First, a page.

Yes, you can spend a couple billion designing and building a console that'll have awesome hardware specs the year it's released. But it'll be a year before a bunch of software becomes available for it, and two years before software which starts to really utilize that hardware comes to market. By that time the average PC will be shipping with better hardware, and given the plummeting price of PCs, for not much more money.
Worse, smartphones and tablets are on a yearly upgrade cycle, and allow you to game anywhere - home or away. They can't touch the performance of a brand-new console, but by the time that console gets established the performance gap will have shrunk considerably. And the mobile devices have enormous installed userbases, pulling in equally enormous pools of developers.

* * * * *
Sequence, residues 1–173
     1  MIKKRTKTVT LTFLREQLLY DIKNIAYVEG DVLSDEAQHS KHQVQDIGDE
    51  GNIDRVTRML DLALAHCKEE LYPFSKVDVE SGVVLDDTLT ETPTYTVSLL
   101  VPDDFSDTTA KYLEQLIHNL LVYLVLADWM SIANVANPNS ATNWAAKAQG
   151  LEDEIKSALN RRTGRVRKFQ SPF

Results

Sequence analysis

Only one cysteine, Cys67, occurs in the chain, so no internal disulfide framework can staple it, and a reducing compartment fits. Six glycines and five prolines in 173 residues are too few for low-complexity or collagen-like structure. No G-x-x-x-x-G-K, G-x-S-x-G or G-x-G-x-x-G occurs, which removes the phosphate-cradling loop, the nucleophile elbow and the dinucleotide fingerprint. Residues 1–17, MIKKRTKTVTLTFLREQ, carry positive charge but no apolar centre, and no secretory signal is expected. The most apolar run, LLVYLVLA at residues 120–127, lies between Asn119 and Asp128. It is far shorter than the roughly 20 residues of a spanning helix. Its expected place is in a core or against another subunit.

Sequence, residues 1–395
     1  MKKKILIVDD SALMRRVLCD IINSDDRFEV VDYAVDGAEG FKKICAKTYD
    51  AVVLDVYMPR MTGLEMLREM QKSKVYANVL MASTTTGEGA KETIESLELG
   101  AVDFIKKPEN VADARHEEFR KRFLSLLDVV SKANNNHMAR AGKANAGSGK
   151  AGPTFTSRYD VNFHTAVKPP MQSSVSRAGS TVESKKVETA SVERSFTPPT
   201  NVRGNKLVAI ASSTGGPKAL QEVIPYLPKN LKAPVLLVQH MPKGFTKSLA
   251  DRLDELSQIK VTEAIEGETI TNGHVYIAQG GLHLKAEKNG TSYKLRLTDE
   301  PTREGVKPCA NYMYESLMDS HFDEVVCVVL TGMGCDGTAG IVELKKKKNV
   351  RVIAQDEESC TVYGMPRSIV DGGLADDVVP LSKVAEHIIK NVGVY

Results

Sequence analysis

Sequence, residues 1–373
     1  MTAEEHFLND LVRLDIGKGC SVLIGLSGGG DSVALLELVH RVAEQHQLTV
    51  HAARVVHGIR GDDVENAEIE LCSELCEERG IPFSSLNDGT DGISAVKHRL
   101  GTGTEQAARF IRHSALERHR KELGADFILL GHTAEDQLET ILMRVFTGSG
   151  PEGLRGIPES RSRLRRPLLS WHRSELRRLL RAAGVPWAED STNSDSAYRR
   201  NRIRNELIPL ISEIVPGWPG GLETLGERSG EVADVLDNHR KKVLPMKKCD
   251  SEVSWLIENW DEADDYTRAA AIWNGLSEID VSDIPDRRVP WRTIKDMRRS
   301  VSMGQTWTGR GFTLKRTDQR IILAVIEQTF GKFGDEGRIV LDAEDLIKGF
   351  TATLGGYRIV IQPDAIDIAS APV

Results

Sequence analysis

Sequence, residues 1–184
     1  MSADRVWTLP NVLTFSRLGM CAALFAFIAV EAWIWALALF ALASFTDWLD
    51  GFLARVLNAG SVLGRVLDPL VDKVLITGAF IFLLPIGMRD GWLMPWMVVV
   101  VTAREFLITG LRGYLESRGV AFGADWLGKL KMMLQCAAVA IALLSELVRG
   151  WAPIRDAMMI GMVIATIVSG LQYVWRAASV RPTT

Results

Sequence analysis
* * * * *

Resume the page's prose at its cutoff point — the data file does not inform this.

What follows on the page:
The economics of the console business just don't make sense. It doesn't make sense to spend billions developing a new console, it doesn't make sense as a developer to invest millions building games for a risky new platform with few users, and as a consumer it doesn't make sense to spend money on a new console when your PC will be playing better games in a year or two, and your smartphone has an enormous library of games selling for a fraction the cost that you can play whenever and wherever.
Hardcore gamers alone will not support the console business as it's currently constituted. They need the mass market to succeed, and they've lost it.